Attorney General Merrick Garland Orders Moratorium On Federal Executions

The Justice Department will review its policies and procedures related to capital cases during this pause.

Attorney General Merrick Garland ordered a moratorium on federal executions on Thursday ― citing “serious concerns” about the continued use of the death penalty in the U.S., including the “arbitrariness in its application, disparate impact on people of color, and the troubling number of exonerations in capital and other serious cases.”

“Those weighty concerns deserve careful study and evaluation by lawmakers,” Garland said in a memorandum to senior officials, adding that no further federal executions would be scheduled while the Justice Department reviews its “policies and procedures” related to capital cases.

“The Department of Justice must ensure that everyone in the federal criminal justice system is not only afforded the rights guaranteed by the Constitution and laws of the United States, but is also treated fairly and humanely,” Garland wrote. “That obligation has special force in capital cases.”

Among the Justice Department policies under review is the 2019 decision ― enacted by former President Donald Trump’s Attorney General William Barr ― to allow prisons to use pentobarbital sodium, a powerful sedative, to execute people on federal death row.

Barr’s move allowed the federal government to resume capital punishment after an almost two-decade pause. More than a dozen people on federal death row have since been executed using pentobarbital sodium ― despite some medical experts’ concerns that the use of the drug “may risk inflicting painful pulmonary edema,” as Garland noted in his memo this week.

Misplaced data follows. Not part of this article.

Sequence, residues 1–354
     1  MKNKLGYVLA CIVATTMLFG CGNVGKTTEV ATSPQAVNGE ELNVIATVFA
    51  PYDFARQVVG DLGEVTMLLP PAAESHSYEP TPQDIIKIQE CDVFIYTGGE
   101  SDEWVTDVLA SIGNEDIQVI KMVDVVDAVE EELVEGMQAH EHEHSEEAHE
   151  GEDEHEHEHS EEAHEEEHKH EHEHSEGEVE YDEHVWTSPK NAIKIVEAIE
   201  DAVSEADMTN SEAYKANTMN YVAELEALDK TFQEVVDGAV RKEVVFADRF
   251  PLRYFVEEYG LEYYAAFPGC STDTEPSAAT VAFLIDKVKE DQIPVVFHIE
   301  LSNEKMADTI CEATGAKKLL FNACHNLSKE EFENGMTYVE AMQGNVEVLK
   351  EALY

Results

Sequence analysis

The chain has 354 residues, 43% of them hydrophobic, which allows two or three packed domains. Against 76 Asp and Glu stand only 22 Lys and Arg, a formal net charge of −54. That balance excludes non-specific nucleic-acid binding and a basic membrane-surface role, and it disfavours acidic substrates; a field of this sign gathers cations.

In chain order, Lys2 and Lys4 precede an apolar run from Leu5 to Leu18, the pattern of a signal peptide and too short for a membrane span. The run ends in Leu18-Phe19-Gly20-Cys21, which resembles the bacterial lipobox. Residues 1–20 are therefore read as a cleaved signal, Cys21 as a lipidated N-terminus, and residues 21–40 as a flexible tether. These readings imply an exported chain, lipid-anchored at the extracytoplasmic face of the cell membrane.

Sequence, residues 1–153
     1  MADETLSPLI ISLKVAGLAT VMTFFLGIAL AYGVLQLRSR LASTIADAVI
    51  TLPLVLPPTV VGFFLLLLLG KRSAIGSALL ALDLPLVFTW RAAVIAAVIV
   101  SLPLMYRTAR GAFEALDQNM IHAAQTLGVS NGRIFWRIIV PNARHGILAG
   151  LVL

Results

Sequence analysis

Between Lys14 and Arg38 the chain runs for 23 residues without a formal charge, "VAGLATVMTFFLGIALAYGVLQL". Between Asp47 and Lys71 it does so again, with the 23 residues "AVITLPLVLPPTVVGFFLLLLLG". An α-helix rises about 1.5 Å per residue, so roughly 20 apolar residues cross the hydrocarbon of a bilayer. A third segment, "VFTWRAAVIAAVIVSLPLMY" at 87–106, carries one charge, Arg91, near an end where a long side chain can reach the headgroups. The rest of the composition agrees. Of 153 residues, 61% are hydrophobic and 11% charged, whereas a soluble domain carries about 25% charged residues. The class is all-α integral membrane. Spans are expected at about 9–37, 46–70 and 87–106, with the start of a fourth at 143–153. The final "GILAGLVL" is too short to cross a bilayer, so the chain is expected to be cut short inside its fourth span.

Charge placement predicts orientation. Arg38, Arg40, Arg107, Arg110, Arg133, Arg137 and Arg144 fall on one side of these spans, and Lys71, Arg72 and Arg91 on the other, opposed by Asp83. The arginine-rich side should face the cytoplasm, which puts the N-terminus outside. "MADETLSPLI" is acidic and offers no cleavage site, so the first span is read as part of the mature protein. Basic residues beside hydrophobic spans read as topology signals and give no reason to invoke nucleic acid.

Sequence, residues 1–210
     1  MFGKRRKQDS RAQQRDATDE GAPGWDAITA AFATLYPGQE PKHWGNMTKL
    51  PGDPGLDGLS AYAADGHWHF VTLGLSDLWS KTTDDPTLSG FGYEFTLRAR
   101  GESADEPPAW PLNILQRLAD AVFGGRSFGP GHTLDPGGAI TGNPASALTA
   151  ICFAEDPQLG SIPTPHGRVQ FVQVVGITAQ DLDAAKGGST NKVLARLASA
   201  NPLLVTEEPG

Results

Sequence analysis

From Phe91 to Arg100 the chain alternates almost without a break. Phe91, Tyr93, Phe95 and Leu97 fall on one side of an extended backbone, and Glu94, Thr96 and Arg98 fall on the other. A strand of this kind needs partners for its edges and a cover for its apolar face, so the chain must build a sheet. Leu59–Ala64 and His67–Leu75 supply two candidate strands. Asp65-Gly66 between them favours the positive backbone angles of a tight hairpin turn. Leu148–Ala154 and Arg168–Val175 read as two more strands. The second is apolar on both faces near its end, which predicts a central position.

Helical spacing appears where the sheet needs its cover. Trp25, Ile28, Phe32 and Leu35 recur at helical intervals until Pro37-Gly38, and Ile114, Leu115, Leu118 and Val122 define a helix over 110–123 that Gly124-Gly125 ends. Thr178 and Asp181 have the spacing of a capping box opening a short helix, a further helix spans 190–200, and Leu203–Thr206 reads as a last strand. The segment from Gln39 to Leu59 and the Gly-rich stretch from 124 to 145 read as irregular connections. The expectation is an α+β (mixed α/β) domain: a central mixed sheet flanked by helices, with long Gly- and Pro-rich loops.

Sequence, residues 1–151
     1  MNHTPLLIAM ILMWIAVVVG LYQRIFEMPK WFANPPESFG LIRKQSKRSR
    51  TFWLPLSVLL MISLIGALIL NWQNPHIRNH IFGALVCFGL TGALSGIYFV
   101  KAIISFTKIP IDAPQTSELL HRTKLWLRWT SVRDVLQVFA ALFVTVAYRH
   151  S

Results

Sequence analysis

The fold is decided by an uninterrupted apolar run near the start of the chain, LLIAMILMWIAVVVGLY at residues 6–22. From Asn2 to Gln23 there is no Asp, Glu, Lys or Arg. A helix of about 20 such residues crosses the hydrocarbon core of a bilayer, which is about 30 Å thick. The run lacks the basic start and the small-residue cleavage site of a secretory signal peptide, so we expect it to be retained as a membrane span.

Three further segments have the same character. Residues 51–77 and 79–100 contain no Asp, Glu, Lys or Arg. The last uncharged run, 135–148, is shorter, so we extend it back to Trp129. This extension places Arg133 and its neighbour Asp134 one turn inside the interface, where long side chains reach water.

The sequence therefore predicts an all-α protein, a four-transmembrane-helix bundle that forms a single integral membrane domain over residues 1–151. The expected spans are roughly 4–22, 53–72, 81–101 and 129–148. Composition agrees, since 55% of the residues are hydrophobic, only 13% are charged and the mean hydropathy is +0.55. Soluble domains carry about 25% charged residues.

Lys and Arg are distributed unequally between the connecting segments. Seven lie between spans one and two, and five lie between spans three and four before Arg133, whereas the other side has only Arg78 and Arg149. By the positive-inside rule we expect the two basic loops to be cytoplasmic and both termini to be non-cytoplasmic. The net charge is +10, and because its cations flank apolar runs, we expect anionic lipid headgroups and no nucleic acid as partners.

Garland said he has directed the Bureau of Prisons to stop using pentobarbital sodium until the review of the policy is complete.

As NBC News noted, Garland’s memo did not address whether the federal government intends to continue seeking the death penalty in criminal cases.

President Joe Biden has publicly opposed the death penalty, making him the first U.S. president to openly take that position.

His Justice Department, however, is currently fighting in court to have death penalty sentences reinstated for Boston Marathon bomber Dzhokhar Tsarnaev.

Acting Solicitor General Elizabeth Prelogar told the Supreme Court last month that an appeals court should not have tossed out the capital sentences a federal jury recommended for Tsarnaev’s crimes.

“That determination by 12 conscientious jurors deserves respect and reinstatement by this court,” Prelogar said in a brief.